The World’s Oldest Clinical Trial Showed the Value of a Vegan Diet!

Clin­i­cal tri­als are a cru­cial part of the mod­ern sci­en­tif­ic method. Yet the ear­li­est record­ed clin­i­cal tri­al, which inci­den­tal­ly dealt with food, was con­duct­ed around 2600 years ago, in ancient Baby­lon. There were no sci­en­tif­ic jour­nals back then, but we know about the study because it was report­ed in a book that is revered by Jews, Chris­tians, and Mus­lims. I’m talk­ing about the Book of Daniel, which is part of the Hebrew Bible and the Chris­t­ian Old Tes­ta­ment.

The Book of Daniel is about the Baby­lon­ian Cap­tiv­i­ty, when Neb­uchad­nez­zar II of Baby­lon con­quered Judah and Jerusalem and sent the Jews into exile, in rough­ly the year 600 BC. Dur­ing this peri­od, it would have been cus­tom­ary to take some of the sons of promi­nent peo­ple from the con­quered lands and hold them hostage in court. This explains how Daniel and sev­er­al oth­er Hebrews end­ed up in Nebuchadnezzar’s court. They weren’t there vol­un­tar­i­ly. Lat­er on, Psalm 137 described this peri­od as fol­lows:

For there they that car­ried us away cap­tive required of us a song; and they that wast­ed us required of us mirth, say­ing, Sing us one of the songs of Zion. How shall we sing the Lord’s song in a strange land?

One of the biggest prob­lems that Daniel and his fel­low cap­tives faced in the court of Neb­uchad­nez­zar was the fact that they would have been expect­ed to eat the food that was being served in court. For devout Jews, of course, this was noth­ing short of blas­phe­my. To eat the food at court meant that they would be eat­ing meat from ani­mals that had been sac­ri­ficed to pagan gods and drink­ing wine that had like­wise been offered to for­eign gods. In oth­er words, by eat­ing the food at court, they would be vio­lat­ing their own reli­gion and tak­ing part in the reli­gion of their cap­tors. To refuse to eat the food at court would thus be a risky act of civ­il dis­obe­di­ence.

Daniel’s chal­lenge was to fig­ure out some way in which he could get per­mis­sion for him­self and the oth­er Hebrews to avoid offend­ing either God or Neb­uchad­nez­zar. He decid­ed that he and his friends should eat only “food that comes from seeds” (i.e., veg­eta­bles and fruit and grains and puls­es, such as peas) and drink only water. Thus, they would avoid the meat and wine that were rit­u­al­ly unclean because they had been used in rit­u­als for pagan gods. The over­seer in charge of Daniel and his friends was reluc­tant to let them fol­low this strict diet. He was afraid it would ruin their health, thus land­ing him in big trou­ble. So Daniel sug­gest­ed a sim­ple exper­i­ment. He and his friends would eat plant foods and water for 10 days, and after­ward their health would be com­pared with that of the peo­ple con­sum­ing meat and wine.

Accord­ing to the Book of Daniel, after 10 days Daniel and his friends looked health­i­er than the youths who had been eat­ing the king’s food. It also says that they were “fat­ter,” but it’s more like­ly that they would have been thin­ner than the peo­ple who were pig­ging out on “the king’s dain­ties.” It’s easy to gain too much weight on a meaty diet, but it’s hard to get fat on a starchy, high-fiber diet. How­ev­er, that small inac­cu­ra­cy prob­a­bly result­ed from the fact that the study report was pub­lished rough­ly four cen­turies after the study itself was com­plet­ed. As a recent arti­cle on this study not­ed, “Daniel per­ished, then pub­lished.” [1] With tongue firm­ly in cheek, the arti­cle also not­ed that the method­olog­i­cal weak­ness­es of the study include “prob­a­ble selec­tion bias, ascer­tain­ment bias, and con­found­ing by divine inter­ven­tion.”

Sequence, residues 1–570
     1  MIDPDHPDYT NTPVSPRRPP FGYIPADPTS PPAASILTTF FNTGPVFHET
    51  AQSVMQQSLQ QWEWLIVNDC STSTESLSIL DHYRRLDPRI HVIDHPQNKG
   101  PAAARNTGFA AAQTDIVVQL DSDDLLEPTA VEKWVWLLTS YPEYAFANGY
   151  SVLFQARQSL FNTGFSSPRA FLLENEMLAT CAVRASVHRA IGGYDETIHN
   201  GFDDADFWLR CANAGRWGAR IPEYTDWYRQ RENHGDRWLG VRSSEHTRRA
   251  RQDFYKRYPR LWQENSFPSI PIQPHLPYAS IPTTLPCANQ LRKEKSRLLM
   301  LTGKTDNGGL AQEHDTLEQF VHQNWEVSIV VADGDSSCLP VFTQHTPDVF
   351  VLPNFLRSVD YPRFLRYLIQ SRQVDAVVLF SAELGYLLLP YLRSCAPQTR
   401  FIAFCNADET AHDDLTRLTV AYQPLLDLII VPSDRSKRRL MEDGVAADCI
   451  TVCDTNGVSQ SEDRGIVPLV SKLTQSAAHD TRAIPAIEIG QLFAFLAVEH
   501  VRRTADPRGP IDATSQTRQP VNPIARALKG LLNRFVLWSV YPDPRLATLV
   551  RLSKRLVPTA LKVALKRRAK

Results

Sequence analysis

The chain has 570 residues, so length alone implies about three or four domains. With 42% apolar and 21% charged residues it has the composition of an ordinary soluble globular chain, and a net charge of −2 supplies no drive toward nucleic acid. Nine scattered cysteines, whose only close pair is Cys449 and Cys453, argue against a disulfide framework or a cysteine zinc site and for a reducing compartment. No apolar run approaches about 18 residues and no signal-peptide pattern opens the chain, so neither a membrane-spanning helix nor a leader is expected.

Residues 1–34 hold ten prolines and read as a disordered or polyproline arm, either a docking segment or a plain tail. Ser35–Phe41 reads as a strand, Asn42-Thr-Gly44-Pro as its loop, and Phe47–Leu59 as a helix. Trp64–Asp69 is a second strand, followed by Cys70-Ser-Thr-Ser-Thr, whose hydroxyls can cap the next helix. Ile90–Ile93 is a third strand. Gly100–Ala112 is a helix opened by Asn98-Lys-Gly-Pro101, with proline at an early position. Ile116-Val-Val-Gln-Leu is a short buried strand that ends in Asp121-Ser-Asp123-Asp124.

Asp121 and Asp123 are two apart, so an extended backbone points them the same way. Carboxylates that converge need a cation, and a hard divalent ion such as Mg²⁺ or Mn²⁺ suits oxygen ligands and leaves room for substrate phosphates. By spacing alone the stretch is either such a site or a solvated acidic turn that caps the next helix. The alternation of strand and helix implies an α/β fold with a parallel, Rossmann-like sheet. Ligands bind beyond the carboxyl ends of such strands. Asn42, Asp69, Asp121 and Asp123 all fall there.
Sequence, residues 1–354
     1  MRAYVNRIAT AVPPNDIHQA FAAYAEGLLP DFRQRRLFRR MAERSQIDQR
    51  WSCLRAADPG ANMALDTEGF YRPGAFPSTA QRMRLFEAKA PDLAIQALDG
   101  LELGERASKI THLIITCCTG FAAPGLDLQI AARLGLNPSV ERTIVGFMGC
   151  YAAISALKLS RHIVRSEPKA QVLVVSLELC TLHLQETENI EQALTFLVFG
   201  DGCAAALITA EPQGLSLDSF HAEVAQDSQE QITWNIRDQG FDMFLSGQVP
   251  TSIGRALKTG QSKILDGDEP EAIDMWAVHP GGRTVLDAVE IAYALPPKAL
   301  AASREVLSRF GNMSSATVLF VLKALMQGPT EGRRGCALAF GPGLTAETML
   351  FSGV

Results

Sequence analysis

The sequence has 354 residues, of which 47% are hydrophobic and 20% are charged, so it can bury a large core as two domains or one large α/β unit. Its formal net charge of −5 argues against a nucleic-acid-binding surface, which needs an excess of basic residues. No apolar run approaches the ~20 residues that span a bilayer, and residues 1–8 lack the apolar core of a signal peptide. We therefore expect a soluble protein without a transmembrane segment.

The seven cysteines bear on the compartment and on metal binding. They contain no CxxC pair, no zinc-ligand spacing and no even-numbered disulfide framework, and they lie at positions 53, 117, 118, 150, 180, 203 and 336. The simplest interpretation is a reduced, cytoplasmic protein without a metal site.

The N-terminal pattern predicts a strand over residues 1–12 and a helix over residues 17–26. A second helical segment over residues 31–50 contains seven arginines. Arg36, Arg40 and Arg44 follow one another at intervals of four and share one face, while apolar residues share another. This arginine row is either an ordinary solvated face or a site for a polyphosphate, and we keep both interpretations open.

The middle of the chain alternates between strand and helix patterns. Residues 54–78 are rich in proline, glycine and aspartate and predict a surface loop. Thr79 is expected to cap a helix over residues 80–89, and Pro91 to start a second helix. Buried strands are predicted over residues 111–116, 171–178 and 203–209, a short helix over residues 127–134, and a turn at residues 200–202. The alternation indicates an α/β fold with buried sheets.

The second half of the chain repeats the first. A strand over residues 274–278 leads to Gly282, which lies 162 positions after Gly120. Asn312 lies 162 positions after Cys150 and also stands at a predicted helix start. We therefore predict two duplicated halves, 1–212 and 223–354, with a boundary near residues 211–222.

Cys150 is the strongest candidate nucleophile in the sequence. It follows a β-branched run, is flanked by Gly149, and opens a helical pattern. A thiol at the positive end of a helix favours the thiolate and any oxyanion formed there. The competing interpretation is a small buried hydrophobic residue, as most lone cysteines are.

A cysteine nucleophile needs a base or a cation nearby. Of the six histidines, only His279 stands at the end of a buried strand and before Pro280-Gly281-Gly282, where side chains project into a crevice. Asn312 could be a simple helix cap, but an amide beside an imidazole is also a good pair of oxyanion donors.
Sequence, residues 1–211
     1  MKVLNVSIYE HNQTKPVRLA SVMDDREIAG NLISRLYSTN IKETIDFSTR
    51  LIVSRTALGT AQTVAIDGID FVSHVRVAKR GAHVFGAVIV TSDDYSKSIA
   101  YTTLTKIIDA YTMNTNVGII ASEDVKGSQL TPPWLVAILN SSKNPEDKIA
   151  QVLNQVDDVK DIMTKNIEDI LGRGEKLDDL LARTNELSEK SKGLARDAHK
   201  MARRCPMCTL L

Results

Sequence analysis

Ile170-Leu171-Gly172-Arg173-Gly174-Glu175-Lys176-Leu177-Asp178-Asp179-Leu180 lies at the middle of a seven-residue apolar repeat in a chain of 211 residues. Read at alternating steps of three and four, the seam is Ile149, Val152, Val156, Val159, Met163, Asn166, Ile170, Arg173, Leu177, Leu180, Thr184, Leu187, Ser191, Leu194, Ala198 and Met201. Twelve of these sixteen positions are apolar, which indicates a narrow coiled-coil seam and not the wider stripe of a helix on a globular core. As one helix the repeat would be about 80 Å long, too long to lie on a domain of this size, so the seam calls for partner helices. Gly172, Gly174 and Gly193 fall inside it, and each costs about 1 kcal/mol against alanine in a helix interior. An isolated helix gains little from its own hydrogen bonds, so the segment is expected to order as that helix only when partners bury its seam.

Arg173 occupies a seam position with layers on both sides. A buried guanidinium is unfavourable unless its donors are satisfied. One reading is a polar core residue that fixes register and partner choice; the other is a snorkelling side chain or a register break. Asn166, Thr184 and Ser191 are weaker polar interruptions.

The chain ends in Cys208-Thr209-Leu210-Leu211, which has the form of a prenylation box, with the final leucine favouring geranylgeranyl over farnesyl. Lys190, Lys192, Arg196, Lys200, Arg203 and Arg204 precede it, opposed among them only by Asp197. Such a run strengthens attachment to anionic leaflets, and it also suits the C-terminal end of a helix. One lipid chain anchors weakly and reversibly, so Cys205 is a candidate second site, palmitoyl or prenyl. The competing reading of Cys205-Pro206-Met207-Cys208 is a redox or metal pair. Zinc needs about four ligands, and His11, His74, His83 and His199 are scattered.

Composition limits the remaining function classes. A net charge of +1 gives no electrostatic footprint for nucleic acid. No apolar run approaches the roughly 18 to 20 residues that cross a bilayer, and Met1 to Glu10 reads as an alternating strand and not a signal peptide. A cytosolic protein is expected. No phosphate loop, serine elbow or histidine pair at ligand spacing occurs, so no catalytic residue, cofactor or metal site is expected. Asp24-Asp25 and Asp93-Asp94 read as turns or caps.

About 2600 years after Daniel’s exper­i­ment, a group of researchers in the Unit­ed States did rough­ly the same exper­i­ment, this time com­par­ing Daniel’s diet with the stan­dard dietary rec­om­men­da­tions of the Amer­i­can Dia­betes Asso­ci­a­tion, which allows peo­ple to eat con­trolled por­tions of “the king’s dain­ties.” [2] This study dif­fered in sev­er­al ways from the study report­ed in the Book of Daniel. The mod­ern study involved peo­ple with type 2 dia­betes, which is a dis­ease that is known to be linked to obe­si­ty and a fat­ty diet. The sub­jects were ran­dom­ly assigned to either the Daniel-type diet or the ADA diet. Also, the tri­al last­ed longer than 10 days, to show improve­ments in the sub­jects’ gly­co­sy­lat­ed hemo­glo­bin lev­els (HbA1c) and to pro­vide a clear pic­ture of how much weight they lost and how many pre­scrip­tion drugs they could stop tak­ing.

I was not at all sur­prised to see that a diet like Daniel’s was far more effec­tive than the ADA’s stan­dard rec­om­men­da­tions at improv­ing the health of peo­ple with type 2 dia­betes. What sur­prised me was that the par­tic­i­pants were more suc­cess­ful at stick­ing to the Daniel-style diet. This suc­cess prob­a­bly stemmed from the fact that although people’s food choic­es were lim­it­ed, their por­tions were not. The ADA dietary rec­om­men­da­tions are about por­tion con­trol, which most peo­ple can’t achieve. The Daniel diet lets peo­ple eat to their heart’s con­tent, while still los­ing weight.

Ref­er­ence List
1. Grimes DA. Clin­i­cal research in ancient Baby­lon: method­olog­ic insights from the book of Daniel. Obstet Gynecol. 1995;86(6):1031–1034.
2. Barnard ND, Cohen J, Jenk­ins DJ et al. A low-fat veg­an diet improves glycemic con­trol and car­dio­vas­cu­lar risk fac­tors in a ran­dom­ized clin­i­cal tri­al in indi­vid­u­als with type 2 dia­betes. Dia­betes Care. 2006;29(8):1777–1783.

Pho­to by diff_sky

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